melana Hendel, 1920
Hendel, 1920. Arch. Naturgesch. 84A(7) (1918): 166
Phytomyza melana Hendel, 1920; Hendel, 1935. Fliegen
palaearkt. Reg. 6(2): 429
Phytomyza melana Hendel, 1920; Spencer, 1972b. Handbk
ident. Br. Ins. 10(5g): 71, 86 (fig. 288, 88, 121
Phytomyza melana Hendel, 1920; Spencer, 1976. Fauna
ent. Scand. 5(1): 446-7, fig. 781.
Phytomyza melana Hendel, 1920; Spencer, 1990. Host specialization
in the World Agromyzidae (Diptera) : 160, 169, 170 (fig.
short linear mine which considerably widens towards the end, normally
starting in the centre of the leaf (Spencer, 1972b: 86 (fig. 288); Spencer,
short, narrow, upper-surface corridor, starting the in the centre
of the leaf, that suddenly widens strongly. The widened corridor
loosely follows the leaf margin. Frass in irregularly scattered
black granules. Primary feeding lines conspicuous. Pupation outside
the mine; according to Allen (1956a) the exit slit is in the upper
epidermis (Bladmineerders van Europa).
Larva: The larvae of flies are leg-less maggots without a head capsule (see examples). They never have thoracic or abdominal legs. They do not have chewing mouthparts, although they do have a characteristic cephalo-pharyngeal skeleton (see examples), usually visible internally through the body wall.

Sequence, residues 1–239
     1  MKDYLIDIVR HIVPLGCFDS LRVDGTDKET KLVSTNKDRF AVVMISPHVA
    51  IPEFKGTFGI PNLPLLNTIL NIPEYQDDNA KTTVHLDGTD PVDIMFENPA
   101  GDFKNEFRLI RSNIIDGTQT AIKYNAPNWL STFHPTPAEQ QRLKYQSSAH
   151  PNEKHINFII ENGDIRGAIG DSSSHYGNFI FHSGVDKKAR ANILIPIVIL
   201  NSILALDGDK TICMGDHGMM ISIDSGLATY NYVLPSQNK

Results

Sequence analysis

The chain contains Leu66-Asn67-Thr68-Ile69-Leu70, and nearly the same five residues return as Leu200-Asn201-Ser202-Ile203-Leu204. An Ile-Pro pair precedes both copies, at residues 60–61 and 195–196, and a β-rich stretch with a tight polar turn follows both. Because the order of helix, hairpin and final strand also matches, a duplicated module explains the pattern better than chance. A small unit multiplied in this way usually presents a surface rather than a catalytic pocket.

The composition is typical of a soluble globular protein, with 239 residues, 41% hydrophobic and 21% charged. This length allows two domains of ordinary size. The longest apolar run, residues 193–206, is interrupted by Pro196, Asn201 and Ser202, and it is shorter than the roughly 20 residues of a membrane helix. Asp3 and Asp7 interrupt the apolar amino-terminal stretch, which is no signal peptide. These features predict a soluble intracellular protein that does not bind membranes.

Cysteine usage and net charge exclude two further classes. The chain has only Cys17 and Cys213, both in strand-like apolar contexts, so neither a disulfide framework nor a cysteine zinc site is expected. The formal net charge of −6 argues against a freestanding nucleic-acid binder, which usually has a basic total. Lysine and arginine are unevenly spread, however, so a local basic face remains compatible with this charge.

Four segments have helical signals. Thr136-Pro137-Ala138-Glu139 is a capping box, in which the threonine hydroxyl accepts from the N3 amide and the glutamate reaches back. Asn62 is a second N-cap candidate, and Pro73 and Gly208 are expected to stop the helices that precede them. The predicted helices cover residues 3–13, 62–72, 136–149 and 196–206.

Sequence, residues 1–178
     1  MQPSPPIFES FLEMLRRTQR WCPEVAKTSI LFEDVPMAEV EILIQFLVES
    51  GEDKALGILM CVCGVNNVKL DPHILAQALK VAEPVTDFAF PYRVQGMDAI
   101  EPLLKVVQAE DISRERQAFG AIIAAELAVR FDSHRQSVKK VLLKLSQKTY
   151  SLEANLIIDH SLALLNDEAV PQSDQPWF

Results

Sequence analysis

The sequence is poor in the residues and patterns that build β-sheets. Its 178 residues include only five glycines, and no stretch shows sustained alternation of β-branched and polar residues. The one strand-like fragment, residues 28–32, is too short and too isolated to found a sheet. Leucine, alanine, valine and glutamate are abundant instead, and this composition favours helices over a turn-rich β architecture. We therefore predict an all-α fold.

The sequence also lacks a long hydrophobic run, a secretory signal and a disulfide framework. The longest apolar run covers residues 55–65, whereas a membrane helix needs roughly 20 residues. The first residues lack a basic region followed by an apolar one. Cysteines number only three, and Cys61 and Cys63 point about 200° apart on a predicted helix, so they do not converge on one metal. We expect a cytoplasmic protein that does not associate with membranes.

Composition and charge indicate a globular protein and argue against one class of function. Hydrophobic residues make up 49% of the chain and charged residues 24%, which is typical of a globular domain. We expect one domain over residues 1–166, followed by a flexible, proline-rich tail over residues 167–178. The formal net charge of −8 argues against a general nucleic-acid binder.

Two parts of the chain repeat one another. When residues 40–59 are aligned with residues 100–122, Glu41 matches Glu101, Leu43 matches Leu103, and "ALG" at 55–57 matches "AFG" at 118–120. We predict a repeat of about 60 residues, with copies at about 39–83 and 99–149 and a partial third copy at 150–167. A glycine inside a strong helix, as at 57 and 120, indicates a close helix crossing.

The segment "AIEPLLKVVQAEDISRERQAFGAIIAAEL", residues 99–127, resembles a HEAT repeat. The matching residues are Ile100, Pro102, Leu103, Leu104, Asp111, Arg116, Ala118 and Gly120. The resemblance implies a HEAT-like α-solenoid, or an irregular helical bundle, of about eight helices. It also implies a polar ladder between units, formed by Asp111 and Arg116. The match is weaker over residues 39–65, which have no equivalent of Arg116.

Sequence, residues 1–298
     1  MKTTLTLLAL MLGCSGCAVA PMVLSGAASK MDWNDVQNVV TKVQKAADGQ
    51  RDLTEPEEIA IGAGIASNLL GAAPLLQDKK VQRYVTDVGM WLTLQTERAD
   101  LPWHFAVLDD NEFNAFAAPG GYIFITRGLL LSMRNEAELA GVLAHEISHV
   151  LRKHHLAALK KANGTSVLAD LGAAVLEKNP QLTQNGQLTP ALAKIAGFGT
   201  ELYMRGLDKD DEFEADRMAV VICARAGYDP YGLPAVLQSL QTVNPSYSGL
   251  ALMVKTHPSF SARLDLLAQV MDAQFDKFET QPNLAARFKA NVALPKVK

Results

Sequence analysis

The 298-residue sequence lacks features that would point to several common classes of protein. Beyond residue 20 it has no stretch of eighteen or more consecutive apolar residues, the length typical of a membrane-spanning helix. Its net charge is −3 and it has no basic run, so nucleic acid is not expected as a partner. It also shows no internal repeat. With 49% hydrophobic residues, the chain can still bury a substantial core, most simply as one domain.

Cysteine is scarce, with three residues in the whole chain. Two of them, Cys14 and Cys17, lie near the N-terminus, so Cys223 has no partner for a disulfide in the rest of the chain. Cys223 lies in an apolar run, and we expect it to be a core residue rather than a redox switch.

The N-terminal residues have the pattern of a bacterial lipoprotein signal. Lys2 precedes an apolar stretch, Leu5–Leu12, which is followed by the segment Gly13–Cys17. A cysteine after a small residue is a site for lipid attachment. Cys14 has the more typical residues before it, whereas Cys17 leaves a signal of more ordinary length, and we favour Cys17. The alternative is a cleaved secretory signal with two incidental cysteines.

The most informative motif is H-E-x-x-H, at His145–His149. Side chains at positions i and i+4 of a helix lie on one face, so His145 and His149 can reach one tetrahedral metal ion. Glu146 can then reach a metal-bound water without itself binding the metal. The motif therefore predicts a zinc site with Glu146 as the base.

The larva is described by Allen (1957b);
posterior spiracles each with approx., 13 bulbs; frontal appendix
absent (Bladmineerders van Europa).
Puparium: The puparia of flies are formed within the hardened last larval skin or puparium and as a result sheaths enclosing head appendages, wings and legs are not visible externally (see examples).
Black, oval; posterior spiracles each with an ellipse of 12-15 bulbs
(Spencer, 1976: 447).
Hosts in Great Britain & Ireland:
of year - mines: June-September.
of year - adults: Currently unknown.
in Great Britain & Ireland: Surrey (Egham) (Spencer, 1972b: 88), Warwickshire (Sutton Park and Alderman's Green) (Robbins,
1991: 65); Surrey (NBN
NBN Grid Map:
Distribution elsewhere: Widespread in continental Europe including Austria, Germany, the [former] U.S.S.R
(Ib, Byborg, Murula) (Spencer,
1976: 447) and Poland (Martinez in Fauna Europaea).
NBN Interactive Grid Maps of known host species:
British and Irish Parasitoids in Britain and elsewhere: